As the game finally ended, Ovechkin did his bear-hump thing on the bench again and then reared back and all but howled at the moon. Far away in downtown D.C., the countless fans publicly Rocking the Red inside and outside Capital One Arena were undoubtedly reacting in much the same way. And while there were plenty of arguments to be made about which player deserved the Conn Smythe award as the playoff MVP—in his postgame presser, Trotz admitted that the 26-year-old Kuznetsov maybe had the edge—there was little dissent when Ovechkin won it.

“He’s had all three acts,” Capitals owner Ted Leonsis told NHL.com after the game. “The first act is this young kid comes out of nowhere and has this great success. Then, there’s a second act where there’s a fall. People love to write about the fall. Then, the third act is this great comeback, and we love a comeback.” (For his part, Ovechkin honored their relationship by reminiscing about the time during his rookie season that he and Leonsis hung out by the pool and daydreamed about winning it all.)

Leonsis is right that Ovechkin is entering a new act; now that he’s cemented one legacy, he’ll be starting a new one. Following the game, it was confirmed that Ovechkin’s wife, Nastya, is pregnant with their first child. And there are other signs that he’s a new man: When a woman in the stands merrily flashed the Capitals as they skated around the rink in victory, Ovechkin was so focused on the Cup that he didn’t even notice the … cups. (The screenshot of the rest of Ovechkin’s teammates drawn to the girl gone wild like moths to a flame, while their captain kept skating unaware and alone, was instantly iconic—as well as a possible preview of the upcoming #Dadvechkin era.) And speaking of Dadvechkin, there was no moment more protective and tender than when Ovechkin reached in to help an injured Backstrom, who has been playing with a busted hand, keep his grip on the Cup.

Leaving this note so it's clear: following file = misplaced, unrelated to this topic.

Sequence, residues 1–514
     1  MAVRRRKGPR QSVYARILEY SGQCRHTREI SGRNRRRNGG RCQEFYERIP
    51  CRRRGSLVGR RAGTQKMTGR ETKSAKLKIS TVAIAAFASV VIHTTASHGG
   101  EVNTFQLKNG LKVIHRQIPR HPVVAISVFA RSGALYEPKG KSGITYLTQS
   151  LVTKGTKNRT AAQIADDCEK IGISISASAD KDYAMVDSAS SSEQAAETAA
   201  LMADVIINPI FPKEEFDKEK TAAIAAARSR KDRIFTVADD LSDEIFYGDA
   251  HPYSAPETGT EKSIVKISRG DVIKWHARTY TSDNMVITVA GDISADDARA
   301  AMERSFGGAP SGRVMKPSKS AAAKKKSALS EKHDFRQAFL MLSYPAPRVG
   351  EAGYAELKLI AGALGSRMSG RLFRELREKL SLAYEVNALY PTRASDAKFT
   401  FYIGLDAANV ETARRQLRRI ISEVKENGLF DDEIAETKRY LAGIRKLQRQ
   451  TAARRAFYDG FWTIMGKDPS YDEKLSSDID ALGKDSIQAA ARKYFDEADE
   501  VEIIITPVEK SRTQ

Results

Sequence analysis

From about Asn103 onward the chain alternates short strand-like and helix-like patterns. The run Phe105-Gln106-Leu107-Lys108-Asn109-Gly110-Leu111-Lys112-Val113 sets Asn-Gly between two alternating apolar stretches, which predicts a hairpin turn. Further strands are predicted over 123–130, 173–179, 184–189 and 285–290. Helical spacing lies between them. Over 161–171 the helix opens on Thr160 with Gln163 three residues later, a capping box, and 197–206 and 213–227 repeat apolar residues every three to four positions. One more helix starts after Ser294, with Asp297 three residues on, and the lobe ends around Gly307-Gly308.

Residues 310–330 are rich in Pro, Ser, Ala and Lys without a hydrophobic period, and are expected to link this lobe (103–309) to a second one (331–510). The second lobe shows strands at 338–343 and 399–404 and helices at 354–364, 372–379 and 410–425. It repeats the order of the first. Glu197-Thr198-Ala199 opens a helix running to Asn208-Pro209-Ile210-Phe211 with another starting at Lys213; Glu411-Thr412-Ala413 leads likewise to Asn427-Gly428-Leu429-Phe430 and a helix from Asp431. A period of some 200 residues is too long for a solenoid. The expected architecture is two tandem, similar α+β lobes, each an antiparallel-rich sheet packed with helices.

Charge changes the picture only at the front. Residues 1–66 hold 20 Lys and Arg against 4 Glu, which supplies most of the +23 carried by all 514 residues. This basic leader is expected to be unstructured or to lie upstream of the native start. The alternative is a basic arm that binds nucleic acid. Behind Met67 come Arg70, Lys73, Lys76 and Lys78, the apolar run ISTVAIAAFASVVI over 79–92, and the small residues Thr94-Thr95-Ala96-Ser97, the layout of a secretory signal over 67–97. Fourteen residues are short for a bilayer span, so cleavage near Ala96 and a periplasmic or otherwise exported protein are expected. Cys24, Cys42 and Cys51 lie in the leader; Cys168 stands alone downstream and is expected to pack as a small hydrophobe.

In the wee hours of the night, Ovechkin would be spotted around Vegas: dragging the Cup from the team bus, to a nightclub, to the lobby of the MGM Grand, taking the show on the road. But before he could do any of that, Ovechkin stood on the ice at T-Mobile Arena, a thick towel hung around his neck, attempting to wrangle his teammates back into the locker room, like a caterer at a wedding asking guests to please finish up at the bar and take their seats for dinner. Before he disappeared into the tunnel, Ovechkin held up the Stanley Cup once more and kissed it. “Thank you, Vegas!” he yelled, with the joyful and ragged face of a man who had finally, after all these years, made his own damn luck.